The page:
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Essence moves online for 2021, a major blow to tourism industry

It's estimated that people who attend Essence spend $200 million to $300 million in the city each year.

NEW ORLEANS — The Morial Convention Center is a bit of a ghost town these days.

COVID-19 cases have put events on hold.

That means Essence Fest participants won’t crowd the convention center or Superdome in the coming months.

Instead, the festival is going virtual again this year during the last weekend of June and first weekend of July. It's not good news from a financial standpoint.

It's estimated that people who attend Essence spend $200 million to $300 million in the city each year.

But Mark Romig, with New Orleans and Company, the city's convention and visitor's bureau, says going virtual again is the right move right now.

“We look forward to 2022 when we can have the full Essence back here as we expect to happen,” he said.

LaVerne Toombs, who heads up the New Orleans Regional Black Chamber of Commerce, said another year without Essence -- and the lack of the Bayou Classic in the city -- will have direct impacts on Black-owned businesses in particular.

“I'm not saying that all black businesses are relying on the hospitality industry, but a large number of them are,” Toombs said. “And when you have a big entity like an Essence or a Bayou Classic or Mardi Gras, it impacts them in a number of ways.”

With COVID cases still high across the country, the city has strict limits in place on crowd sizes: no more than 10 inside, no more than 25 outside.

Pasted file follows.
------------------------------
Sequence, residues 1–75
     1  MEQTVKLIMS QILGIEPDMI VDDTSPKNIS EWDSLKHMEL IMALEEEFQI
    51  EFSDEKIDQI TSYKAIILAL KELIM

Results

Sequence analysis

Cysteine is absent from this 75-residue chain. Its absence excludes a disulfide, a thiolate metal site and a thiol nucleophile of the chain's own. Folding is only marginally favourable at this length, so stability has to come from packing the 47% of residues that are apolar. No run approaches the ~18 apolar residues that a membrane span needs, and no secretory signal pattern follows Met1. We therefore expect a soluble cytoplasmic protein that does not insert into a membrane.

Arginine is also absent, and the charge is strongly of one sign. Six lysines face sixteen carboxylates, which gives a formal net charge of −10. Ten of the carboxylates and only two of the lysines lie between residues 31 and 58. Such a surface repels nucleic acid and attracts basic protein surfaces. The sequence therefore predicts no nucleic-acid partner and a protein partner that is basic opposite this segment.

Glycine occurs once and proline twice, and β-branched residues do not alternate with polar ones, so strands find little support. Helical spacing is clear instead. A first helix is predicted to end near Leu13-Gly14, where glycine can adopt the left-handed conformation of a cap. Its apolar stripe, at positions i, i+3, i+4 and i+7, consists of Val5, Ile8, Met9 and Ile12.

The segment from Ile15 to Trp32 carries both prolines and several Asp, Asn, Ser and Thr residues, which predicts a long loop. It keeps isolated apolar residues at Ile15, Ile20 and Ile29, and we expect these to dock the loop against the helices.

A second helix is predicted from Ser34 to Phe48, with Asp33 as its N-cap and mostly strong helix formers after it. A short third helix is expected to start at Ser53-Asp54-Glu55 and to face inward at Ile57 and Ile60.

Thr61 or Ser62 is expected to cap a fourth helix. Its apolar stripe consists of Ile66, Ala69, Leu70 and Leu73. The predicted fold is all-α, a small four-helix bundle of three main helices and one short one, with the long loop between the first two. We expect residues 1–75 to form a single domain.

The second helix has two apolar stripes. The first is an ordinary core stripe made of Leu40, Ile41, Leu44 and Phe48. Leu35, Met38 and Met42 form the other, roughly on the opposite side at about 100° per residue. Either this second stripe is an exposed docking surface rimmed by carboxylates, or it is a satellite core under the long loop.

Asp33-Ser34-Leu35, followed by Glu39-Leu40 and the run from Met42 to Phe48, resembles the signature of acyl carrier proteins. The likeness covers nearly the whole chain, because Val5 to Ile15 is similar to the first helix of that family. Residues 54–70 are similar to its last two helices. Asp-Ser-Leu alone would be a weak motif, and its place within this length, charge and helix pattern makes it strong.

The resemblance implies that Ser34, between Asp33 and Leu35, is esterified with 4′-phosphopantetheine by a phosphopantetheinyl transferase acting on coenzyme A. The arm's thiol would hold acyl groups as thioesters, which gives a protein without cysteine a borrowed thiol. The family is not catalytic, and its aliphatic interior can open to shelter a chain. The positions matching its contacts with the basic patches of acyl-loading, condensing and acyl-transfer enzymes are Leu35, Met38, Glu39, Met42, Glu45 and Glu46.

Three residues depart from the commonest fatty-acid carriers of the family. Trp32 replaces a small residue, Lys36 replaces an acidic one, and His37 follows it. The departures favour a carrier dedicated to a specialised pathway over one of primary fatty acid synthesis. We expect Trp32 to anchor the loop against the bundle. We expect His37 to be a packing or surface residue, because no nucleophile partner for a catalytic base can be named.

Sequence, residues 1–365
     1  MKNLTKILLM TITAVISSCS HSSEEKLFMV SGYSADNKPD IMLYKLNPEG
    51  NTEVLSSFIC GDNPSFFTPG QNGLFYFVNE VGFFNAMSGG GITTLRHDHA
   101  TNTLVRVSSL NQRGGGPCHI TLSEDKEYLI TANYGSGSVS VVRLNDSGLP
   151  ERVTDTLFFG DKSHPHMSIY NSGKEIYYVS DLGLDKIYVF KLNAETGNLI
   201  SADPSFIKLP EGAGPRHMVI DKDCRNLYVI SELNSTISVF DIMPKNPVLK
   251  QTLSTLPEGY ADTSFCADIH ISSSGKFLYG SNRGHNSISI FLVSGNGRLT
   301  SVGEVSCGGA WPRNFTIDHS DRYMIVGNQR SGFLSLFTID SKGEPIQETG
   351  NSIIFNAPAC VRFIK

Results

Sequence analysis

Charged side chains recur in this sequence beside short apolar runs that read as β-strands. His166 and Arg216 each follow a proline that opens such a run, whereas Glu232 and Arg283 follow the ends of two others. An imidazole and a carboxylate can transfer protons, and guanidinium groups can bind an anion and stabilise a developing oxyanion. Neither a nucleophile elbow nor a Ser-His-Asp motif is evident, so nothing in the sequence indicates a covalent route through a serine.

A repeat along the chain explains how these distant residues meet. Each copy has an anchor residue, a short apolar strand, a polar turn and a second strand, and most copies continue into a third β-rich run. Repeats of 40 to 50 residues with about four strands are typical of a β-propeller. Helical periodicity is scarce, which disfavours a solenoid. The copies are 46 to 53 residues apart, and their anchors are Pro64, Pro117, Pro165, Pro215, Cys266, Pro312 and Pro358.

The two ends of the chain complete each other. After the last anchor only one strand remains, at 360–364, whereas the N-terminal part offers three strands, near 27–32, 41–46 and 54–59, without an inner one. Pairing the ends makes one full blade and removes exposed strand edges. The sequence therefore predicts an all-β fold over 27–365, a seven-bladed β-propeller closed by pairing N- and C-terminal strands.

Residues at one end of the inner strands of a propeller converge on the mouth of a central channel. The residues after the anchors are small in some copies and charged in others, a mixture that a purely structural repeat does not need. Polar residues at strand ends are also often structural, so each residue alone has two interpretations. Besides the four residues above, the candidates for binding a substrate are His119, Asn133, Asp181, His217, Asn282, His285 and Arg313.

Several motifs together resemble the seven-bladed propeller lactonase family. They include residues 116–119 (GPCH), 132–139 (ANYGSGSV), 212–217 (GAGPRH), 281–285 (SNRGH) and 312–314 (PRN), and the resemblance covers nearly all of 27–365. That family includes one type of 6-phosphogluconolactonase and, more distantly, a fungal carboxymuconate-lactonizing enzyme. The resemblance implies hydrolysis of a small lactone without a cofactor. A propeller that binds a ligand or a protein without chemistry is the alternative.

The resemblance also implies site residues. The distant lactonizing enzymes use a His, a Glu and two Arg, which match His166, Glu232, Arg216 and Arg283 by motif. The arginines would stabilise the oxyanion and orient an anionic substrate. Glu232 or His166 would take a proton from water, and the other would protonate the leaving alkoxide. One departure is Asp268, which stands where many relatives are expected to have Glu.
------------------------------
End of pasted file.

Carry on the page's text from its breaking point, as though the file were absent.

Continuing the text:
Hardly the way to host a festival.

Keith Spera, who covers the music scene for The Times-Picayune and New Orleans Advocate, said Essence's plans to go virtual this year is a smart way to move forward.

“They wanted to get out in front of it early and let the fans know not to make their travel plans for New Orleans because now, in the early part of the year, is when people would start thinking about that,” he said.

The festival will tape some events for the digital broadcast. Some lucky locals will be invited to be in the crowds. And that means at least some spending during a time that might otherwise see none.

“It'll be a cool event for people to watch online, some folks -- some invited guests -- will get to see it in person, so that's a nice kind of splitting the difference between a totally virtual festival and an in-person festival,” he said.

Now, as COVID cases appear to be trending downward, the hope is that the second half of the year will be better, and celebrations such as Jazz Fest will be able to happen.

“We're only going to get there if we do the right things now. I think the decisions we're making now will ensure that we can have a robust economy for everyone going forward,” Romig said.

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